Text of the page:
Ron McKinnon
Ron McKinnon
Member of Parliament for Coquitlam—Port Coquitlam
Budget 2022 –Analysis by Ron McKinnon, MP - What is in Budget 2022 for Housing?
April 22, 2022

What is in Budget 2022 for Housing?


Launching a New Housing Accelerator Fund

To make housing more affordable, more housing needs to be built. Building more housing will require investments, but it will also require changes to the systems preventing more housing from being built.

The federal government aims to incentivize the cities and towns that are stepping up to get more housing built while also ensuring that municipalities can get the support they need to modernize and build new homes.

This new fund will target 100,000 net new housing units over the next five years.

The Housing Accelerator Fund will have a flexible single application system and will still allow municipalities to access other related programs.


Rapidly Building New Affordable Housing

Additional affordable housing units are urgently needed, particularly for those experiencing or at risk of homelessness. To ensure that more affordable housing can be built quickly, the government proposes extending the Rapid Housing Initiative for a third round.


Speeding Up Housing Construction and Repairs for Vulnerable Canadians

Over the last five years, the National Housing Co-Investment Fund has supported the construction and repair of 108,000 housing units for the most vulnerable Canadians. Projects like shelters, homes for seniors and persons with disabilities, and supportive housing account for 75 percent of units committed to so far, with demand for those units exceeding supply. To protect housing affordability tomorrow, the government is accelerating its investments today.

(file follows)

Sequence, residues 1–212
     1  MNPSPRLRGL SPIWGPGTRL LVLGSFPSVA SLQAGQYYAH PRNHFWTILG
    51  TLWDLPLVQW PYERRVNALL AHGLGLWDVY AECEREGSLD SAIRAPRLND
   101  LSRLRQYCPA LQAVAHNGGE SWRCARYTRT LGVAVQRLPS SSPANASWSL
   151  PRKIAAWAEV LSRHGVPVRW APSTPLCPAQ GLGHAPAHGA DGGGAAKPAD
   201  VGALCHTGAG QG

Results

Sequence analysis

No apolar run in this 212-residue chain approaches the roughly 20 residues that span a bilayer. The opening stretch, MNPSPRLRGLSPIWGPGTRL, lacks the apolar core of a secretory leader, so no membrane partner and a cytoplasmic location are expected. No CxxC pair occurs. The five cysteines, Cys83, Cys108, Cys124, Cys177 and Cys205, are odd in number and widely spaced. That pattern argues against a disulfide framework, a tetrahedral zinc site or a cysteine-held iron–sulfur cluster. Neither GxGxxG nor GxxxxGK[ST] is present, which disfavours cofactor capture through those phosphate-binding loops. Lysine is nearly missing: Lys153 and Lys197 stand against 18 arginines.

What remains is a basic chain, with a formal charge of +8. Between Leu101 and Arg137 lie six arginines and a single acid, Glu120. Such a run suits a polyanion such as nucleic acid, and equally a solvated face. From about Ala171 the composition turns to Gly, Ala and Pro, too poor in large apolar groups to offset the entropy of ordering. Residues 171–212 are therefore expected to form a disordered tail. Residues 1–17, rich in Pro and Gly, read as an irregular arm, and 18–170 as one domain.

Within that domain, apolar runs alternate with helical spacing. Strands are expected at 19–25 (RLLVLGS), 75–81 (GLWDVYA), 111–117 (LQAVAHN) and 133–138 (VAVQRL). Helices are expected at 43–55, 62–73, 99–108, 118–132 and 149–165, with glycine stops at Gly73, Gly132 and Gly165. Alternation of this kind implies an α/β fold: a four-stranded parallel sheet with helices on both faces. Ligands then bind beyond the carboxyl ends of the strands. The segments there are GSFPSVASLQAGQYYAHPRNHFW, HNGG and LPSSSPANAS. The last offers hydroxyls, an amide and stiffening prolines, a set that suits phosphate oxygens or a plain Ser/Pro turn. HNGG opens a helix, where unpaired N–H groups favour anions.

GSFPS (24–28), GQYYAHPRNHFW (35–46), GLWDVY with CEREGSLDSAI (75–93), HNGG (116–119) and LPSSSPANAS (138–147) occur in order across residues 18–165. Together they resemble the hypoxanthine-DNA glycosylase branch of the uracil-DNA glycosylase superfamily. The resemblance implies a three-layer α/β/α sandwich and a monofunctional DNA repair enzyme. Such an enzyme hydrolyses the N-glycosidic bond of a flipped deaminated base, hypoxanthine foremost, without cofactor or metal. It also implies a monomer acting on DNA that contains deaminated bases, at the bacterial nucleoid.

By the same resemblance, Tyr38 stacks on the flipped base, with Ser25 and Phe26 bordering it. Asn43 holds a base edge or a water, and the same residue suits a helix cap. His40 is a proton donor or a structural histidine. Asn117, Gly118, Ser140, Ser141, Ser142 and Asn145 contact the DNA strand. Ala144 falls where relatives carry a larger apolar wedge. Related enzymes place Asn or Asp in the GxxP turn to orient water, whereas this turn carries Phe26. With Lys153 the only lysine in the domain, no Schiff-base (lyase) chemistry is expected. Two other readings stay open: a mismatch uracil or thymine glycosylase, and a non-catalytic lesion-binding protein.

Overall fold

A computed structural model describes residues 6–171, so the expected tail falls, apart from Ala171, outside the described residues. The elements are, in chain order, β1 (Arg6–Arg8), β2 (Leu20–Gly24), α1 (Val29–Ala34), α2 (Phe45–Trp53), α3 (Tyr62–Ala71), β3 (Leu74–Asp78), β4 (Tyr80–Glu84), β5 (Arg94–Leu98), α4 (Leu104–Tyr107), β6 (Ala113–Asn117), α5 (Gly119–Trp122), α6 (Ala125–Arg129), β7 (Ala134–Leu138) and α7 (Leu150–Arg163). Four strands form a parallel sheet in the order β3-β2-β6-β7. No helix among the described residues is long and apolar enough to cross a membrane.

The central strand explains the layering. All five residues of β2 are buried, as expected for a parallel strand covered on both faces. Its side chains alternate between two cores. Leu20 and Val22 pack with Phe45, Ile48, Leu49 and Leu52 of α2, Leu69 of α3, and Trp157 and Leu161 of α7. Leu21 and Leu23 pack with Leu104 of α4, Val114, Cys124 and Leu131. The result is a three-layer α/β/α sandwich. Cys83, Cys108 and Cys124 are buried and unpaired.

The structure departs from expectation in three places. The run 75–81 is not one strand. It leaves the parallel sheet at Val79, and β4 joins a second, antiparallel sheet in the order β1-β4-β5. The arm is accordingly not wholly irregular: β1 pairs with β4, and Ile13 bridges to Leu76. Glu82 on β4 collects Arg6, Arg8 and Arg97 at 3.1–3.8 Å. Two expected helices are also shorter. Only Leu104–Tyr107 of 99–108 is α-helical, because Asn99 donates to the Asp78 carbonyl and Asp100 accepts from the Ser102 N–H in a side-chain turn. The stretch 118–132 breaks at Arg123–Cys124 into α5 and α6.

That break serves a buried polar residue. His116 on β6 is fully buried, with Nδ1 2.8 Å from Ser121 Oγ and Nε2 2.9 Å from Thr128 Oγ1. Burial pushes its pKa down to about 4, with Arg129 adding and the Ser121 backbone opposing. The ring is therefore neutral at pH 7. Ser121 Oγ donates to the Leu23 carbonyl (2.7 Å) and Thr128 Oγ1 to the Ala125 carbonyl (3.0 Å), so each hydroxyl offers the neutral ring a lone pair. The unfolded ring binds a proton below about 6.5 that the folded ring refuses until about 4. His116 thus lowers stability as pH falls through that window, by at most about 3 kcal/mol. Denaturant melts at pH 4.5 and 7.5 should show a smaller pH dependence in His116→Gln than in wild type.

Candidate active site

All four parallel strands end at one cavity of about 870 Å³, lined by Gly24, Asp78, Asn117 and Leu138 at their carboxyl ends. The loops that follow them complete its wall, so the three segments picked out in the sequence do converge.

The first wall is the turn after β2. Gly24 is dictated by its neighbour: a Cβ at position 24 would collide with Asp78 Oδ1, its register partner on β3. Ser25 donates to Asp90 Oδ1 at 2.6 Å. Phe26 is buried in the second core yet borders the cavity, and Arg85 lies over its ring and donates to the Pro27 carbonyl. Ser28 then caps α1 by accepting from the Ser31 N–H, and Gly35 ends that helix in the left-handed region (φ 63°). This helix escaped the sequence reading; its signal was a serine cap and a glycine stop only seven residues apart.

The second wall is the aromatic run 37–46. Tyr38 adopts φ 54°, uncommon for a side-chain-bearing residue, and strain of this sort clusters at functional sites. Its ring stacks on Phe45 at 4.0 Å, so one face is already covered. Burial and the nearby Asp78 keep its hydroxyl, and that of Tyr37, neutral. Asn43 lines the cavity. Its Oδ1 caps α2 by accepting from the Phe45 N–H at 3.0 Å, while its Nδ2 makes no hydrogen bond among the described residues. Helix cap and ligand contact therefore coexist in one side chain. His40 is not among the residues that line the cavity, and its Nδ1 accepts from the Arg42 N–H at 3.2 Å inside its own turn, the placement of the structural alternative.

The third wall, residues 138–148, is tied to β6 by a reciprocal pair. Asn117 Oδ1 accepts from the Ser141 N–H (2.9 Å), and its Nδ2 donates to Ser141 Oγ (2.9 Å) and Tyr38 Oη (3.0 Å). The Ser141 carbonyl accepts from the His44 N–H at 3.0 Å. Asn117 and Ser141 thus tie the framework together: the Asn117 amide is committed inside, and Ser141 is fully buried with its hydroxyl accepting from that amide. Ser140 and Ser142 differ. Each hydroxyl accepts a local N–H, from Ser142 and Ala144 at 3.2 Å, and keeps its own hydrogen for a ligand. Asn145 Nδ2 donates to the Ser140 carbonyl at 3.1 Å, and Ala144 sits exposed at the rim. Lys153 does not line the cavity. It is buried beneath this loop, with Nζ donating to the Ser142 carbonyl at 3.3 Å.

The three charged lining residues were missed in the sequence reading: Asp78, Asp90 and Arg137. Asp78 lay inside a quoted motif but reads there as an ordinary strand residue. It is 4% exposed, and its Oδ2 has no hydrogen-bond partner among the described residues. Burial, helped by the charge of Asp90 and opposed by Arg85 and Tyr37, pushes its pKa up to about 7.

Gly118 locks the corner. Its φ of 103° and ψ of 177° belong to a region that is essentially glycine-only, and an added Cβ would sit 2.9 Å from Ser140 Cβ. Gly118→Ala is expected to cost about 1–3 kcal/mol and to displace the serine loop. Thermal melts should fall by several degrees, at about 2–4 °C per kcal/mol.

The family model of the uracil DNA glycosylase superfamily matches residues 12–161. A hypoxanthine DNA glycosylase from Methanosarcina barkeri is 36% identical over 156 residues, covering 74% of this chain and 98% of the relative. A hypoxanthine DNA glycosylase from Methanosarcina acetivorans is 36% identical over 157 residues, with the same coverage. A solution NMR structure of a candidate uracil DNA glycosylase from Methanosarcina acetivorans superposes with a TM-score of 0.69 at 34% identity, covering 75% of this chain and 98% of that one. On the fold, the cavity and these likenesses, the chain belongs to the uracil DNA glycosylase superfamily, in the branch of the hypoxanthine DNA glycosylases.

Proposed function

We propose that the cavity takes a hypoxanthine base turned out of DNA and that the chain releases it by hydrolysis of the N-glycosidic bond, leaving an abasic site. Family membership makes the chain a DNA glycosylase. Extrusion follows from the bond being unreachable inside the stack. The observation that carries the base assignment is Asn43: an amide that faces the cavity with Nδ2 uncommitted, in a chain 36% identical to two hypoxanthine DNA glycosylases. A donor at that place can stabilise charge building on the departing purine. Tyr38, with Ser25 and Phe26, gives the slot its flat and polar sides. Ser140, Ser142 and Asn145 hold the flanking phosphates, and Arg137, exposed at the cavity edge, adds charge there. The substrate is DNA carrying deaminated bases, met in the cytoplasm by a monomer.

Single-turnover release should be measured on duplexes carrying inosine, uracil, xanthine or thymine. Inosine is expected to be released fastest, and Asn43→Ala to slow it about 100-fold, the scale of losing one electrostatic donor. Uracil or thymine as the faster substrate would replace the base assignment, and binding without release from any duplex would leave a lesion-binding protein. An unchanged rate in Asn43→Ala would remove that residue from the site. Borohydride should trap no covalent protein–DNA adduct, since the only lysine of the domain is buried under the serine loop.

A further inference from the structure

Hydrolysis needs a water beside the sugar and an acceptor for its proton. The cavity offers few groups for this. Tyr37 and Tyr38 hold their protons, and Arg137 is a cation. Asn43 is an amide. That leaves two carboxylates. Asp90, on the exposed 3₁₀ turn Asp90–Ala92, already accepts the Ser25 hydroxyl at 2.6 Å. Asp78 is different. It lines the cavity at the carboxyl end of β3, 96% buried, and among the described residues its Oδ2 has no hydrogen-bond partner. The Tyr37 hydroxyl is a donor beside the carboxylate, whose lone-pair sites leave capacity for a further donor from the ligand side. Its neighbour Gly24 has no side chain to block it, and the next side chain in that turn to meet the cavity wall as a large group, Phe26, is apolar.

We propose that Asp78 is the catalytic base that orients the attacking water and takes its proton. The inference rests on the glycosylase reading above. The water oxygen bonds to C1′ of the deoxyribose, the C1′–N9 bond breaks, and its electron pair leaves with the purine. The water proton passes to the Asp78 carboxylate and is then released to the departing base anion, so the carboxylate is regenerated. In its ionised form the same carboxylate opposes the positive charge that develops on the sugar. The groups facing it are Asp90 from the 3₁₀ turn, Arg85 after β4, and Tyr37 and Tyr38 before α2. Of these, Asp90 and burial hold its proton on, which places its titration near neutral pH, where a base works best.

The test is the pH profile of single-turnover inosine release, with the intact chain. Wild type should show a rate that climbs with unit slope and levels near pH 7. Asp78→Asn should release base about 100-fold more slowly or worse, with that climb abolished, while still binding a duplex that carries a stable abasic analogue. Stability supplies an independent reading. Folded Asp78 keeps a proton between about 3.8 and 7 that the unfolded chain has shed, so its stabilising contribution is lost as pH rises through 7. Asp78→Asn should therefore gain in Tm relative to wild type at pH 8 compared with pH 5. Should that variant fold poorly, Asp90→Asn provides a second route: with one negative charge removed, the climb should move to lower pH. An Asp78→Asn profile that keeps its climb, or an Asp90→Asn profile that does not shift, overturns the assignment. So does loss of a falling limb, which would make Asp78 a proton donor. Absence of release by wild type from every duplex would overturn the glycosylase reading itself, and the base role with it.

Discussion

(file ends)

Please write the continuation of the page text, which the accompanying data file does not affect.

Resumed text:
Taking lessons from the Rapid Housing Initiative, the National Housing Co-Investment Fund will be made more flexible and easier to access, including more generous contributions and faster approvals.


Using Infrastructure Funding to Encourage More Home Construction

Every year, the federal government provides significant amounts of funding to provinces, territories, and municipalities to help them deliver important public infrastructure projects. Yet, at the same time, there is not enough housing being built to keep up with the needs of Canadians.

A coordinated approach involving all levels of government is required to ensure public spending is working to build more of the homes Canadians need.

Together with the new Housing Accelerator Fund, this represents nearly $43 billion in new and existing federal funding over the next ten years that will be leveraged to encourage the construction of more homes for Canadians across the country.


Leveraging Transit Funding to Build More Homes

The pandemic has had an extraordinary impact on public transit ridership and the revenues that municipalities count on. As a result, on March 25, 2022, the government tabled a bill to authorize up to $750 million in 2021-22 to support municipalities as they address their public transit shortfalls.

To increase the impact of this investment, the proposed funding will be conditional on provincial and territorial governments committing to match the federal contribution and accelerate their work with their municipalities to build more homes for Canadians.


Building More Affordable and Energy Efficient Rental Units

The Rental Construction Financing Initiative (RCFI) incentivizes the construction of new rental housing by offering low-interest loans and mortgage insurance to those building more rental housing in areas where it is needed most.